We've all been there before, the awkward training period when you start a new job. Maybe you had to wear a silly hat while you learned what was and wasn't okay to put in the deep fryer. Maybe you had to learn how to use expensive, complicated equipment, inevitably using it incorrectly in front of your boss's boss. Maybe you even, as once happened to me, had to wear a giant button that said, "ASK ME ANYTHING," long before you were ready to be asked anything. It seems that no matter the job, the training period is tedious, long and just plain unenjoyable. It's not easy on you, the trainer, your manager and certainly not your customers.
I've had numerous jobs in my life, and each one had a training period. I've been an associate at a paintball field, fragrance connoisseur at a cosmetics store, college admissions assistant, parking lot attendant, and for a brief while I was one of those annoying people in a booth at the mall trying to get you to sign up for stuff. For a while now, I've been happily employed at Copytalk, a company specializing in audio and video transcription that requires accuracy, knowledge of financial and medical terms, in-depth understanding of personal privacy laws and the ability to find obscure facts in less than two minutes. Can you guess which one had the longest direct-training period?
If you said Copytalk, you'd be wrong, but understandably so. You'd think a position that involves Roth IRAs, retirement planning and tax forms would surely have a prolonged training regimen. Surely to excel at this job, one must intensely shadow a tenured employee for two or three weeks. At the very least, a new employee is underneath an experienced one here longer than at the parking lot, right? Go ahead and take a guess as to how long a brand-new Copytalk scribe is paired with an experienced worker before being sent out on their own.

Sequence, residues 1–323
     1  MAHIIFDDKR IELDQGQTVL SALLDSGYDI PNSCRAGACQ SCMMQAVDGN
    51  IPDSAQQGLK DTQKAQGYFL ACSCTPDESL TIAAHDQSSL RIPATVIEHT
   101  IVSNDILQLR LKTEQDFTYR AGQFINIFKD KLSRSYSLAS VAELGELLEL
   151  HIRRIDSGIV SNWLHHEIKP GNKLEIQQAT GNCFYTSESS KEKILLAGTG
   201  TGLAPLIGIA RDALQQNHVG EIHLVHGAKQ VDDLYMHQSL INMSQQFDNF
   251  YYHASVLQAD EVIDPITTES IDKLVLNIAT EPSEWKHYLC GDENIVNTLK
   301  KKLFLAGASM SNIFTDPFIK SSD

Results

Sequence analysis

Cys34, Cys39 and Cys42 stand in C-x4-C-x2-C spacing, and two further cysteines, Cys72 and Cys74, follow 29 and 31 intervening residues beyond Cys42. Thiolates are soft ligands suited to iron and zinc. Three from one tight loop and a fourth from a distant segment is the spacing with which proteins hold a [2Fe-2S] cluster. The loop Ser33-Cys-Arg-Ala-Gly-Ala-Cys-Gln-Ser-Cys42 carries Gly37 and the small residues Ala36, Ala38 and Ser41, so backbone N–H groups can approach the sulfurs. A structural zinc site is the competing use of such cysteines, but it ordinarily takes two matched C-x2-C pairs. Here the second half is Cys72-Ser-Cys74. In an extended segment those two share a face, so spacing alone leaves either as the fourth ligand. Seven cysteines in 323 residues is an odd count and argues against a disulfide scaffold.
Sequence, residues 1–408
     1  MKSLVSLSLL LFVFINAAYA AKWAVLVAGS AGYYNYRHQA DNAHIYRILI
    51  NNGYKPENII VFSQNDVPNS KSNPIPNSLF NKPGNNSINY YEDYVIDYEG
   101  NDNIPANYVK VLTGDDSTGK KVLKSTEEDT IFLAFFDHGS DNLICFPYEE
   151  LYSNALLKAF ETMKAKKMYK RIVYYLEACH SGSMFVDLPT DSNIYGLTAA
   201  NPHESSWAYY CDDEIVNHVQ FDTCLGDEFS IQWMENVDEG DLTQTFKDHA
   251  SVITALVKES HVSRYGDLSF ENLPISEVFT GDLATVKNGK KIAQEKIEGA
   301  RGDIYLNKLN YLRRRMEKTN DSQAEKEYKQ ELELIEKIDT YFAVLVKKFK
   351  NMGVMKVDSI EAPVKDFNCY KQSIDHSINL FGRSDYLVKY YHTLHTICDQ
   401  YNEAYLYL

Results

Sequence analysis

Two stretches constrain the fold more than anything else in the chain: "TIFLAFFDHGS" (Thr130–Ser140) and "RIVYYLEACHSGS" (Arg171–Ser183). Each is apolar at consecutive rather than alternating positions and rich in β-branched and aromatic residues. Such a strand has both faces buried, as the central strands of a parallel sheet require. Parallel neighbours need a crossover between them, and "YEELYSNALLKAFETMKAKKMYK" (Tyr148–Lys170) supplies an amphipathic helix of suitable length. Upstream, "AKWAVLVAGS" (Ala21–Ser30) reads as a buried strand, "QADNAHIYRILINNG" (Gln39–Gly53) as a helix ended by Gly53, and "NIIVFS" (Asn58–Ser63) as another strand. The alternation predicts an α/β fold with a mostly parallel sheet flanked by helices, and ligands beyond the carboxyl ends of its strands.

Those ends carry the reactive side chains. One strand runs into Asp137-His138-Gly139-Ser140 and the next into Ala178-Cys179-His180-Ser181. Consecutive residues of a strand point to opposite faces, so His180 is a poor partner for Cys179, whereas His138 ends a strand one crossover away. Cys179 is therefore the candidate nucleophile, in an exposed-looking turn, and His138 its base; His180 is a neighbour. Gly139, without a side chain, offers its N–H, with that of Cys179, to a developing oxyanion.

Did you guess a week? Did you guess a month? Try two days. That's right. I had to have someone with me longer to make sure I knew how to open and close a gate and occasionally point people towards a Coke machine than I did at the job where I have to do all of the above-mentioned skills. I was still receiving critiques of my work for a while, but I was using Copytalk's software, knew the company's standards and expectations and able to find information I might need after only two days. With a long list of frequently asked questions and common terms easily accessible and 100% of a new scribe's work being returned to them remotely with corrections for their first few weeks on their own, pretty soon a scribe is flying through files not just competently, but confidently.
I don't know who streamlined the hiring process this well, but I hope they were handsomely compensated. Name one other job where you're being taught face-to-face for only two days, then receiving near-instant reviews of your work designed to turn you into a subject matter pro in less than a month. I certainly can't do it. Copytalk is often proud of their security and privacy procedures, technical innovation and quick turnaround time, but perhaps the company should be proud of their slick, effective training process as well. Who knows? Maybe someday business majors will read about it
About the Author:
Clark Sipsy studies American Sign Language and hopes to soon study psychology. He uses his domain expertise to ensure the company's product meets expectations and that staff continually have the resources they need to improve. When not at work, Clark can be heard yelling at his favorite hockey team on television.